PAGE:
Mayor Hogsett seeks new chief from inside IMPD

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INDIANAPOLIS, Ind. -- Mayor Joe Hogsett begins 2017, his second full year in office, searching for a new police chief, and he thinks that man or woman already works for IMPD.

Finding a successor to former Metro Police Chief Troy Riggs is Hogsett’s first priority in the New Year.

“That will begin tomorrow in earnest,” said Hogsett after the opening of the Reuben Engagement Center at the Marion County Arrestee Processing Center. “I’ve already had conversations with many from throughout the leadership of not only the community, the sheriff, the prosecutor, I met with the command staff of IMPD last week, and in naming Valerie Cunningham to be the acting chief, I also made it clear that I was going to spend the better part of this week talking to internal candidates, people who are currently on IMPD’s command staff and interviewing them to begin that process. I am going to work expeditiously toward a thoughtful and prudent decision made sooner rather than later.”

Riggs told FOX59 that he was leaving the chief’s post, which pays $118,000, for more lucrative opportunities in other states or in the private or non-profit sectors.

A survey shows comparable cities throughout the Midwest pay their chiefs $175,000 a year or more, and an expensive national search may not necessarily land Indianapolis a better candidate, at the current salary, then some of IMPD’s current top ranking officers who have watched Riggs and previous Chief Rick Hite lead an evolution in data driven community policing.

“I think that the groundwork that was laid by Chief Troy Riggs and the command staff in 2016 was exactly the way that IMPD needs to focus its attention in 2017,” said Hogsett, “and by that I mean not only adding resources to the focus areas and our community based policing approach, but also the holistic approach to crime generally, focusing on the root causes of crime, making the investments, like the Reuben Engagement Center, and an overall overhaul of the criminal justice system generally.”

The Reuben Engagement Center, which may still be weeks away from accepting its first clients, will serve as an alternative to jail for arrestees experiencing mental illness, addiction or homeless issues.

“I’m leaving all options on the table,” said Hogsett. “I think Val Cunningham and many of her colleagues in the command staff represent the kind of continuity and leadership that IMPD, I think, would be well served to have. In other words, an Indianapolis born, Indianapolis bred longtime IMPD leader, and that’s what I’m going to be putting a premium on in my search.”

Cunningham was appointed by Riggs to serve as the Nightshift Deputy Chief and has expressed no interest in permanent assignment to the Chief’s position.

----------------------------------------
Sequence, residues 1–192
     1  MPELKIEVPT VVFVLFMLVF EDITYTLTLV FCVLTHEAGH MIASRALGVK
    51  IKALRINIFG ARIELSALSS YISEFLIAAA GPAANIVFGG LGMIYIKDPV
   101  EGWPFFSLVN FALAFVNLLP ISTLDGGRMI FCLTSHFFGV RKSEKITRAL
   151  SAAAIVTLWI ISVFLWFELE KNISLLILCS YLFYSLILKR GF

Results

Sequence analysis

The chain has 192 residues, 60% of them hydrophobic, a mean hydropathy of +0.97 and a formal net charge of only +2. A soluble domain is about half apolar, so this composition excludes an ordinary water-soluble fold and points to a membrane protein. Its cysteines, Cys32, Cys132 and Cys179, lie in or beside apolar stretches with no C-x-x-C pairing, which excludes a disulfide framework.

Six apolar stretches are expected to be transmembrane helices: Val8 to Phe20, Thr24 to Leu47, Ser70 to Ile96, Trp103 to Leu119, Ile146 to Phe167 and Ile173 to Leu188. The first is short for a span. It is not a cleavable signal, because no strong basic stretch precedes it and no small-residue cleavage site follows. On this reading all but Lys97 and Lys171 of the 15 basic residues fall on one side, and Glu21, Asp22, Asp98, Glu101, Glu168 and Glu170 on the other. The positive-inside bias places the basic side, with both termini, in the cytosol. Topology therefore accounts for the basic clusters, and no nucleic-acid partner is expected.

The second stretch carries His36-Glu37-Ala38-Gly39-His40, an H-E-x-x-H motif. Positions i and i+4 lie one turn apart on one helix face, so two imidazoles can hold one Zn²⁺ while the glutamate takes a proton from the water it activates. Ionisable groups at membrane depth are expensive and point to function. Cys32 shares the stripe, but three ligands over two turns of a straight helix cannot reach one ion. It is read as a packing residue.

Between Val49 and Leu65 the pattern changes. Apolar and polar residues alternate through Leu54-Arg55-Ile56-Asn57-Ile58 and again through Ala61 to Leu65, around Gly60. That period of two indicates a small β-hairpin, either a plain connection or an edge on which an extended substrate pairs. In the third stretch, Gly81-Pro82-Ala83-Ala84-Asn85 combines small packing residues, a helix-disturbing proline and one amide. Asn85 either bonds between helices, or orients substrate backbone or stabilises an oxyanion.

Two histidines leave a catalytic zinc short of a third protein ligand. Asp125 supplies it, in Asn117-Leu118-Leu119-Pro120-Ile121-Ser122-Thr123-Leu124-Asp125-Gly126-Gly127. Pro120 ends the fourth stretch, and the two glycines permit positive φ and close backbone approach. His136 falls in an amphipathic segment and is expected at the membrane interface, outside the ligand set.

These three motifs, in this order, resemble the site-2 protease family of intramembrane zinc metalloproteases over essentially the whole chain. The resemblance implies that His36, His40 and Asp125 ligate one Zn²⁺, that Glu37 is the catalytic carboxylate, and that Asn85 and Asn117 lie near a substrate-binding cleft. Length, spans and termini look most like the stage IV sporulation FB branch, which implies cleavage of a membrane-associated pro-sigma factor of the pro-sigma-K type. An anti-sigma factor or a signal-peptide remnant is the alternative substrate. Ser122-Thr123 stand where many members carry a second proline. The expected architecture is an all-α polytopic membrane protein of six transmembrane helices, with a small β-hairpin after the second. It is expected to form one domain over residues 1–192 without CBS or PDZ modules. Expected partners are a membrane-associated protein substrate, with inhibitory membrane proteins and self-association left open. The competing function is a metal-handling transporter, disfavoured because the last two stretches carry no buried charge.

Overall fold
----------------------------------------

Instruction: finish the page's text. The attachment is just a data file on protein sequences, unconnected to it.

Democrat City County Councilman Leroy Robinson, who chairs the Public Safety Committee which will confirm Hogsett’s choice as chief, listed his own crime fighting priorities for the coming year.

“Going forward, number one, to reduce our murder rate, obviously, and just reduce crime overall. Most importantly provide services to our citizens in need to reduce those numbers.”

Monday afternoon, IMPD issued its final preliminary homicide and murder numbers from 2016, subject to change upon further investigation.

Detectives examined 171 homicides and, with the coroner’s findings, determined 149 were murders, a new record slightly above last year’s total.

Twenty-two non-murders included accidental, self-defense and police action killings.

Last year, in his first action as mayor, Hogsett dissolved the Department of Public Safety and replaced it with the Department of Public Health and Safety, reflecting the philosophy that IMPD and the city could not simply arrest its way out of the exploding crime problem.

“It’s not just a public safety issue. It’s a health issue,” said Robinson, referring to the wrap around social services that the city and community agencies are bringing to troubled neighborhoods, “so it’s a combination of those things, providing services to our citizens, in order to reduce our overall numbers of murders and crime in our city.

“We’re building a community partnership with our residents.”

Robinson said the new chief does not necessarily need to reflect the city’s minority community as much as understand its issues.

“I think right now our city needs somebody internal. That’s where the mayor’s leading and I support that effort.

“I think we need someone that’s quality, that understands police community relations.”

Hogsett made clear, as did Riggs before him, that Indianapolis’ record murder and climbing crime rate was years in the making and may be years in the solving.

“Those things can’t be done overnight,” he said, “and we’re making progress and I think that by the end of 2017 I hope to be able to report to the people of Indianapolis an even better a scenario than what we’ve experienced in 2016.”

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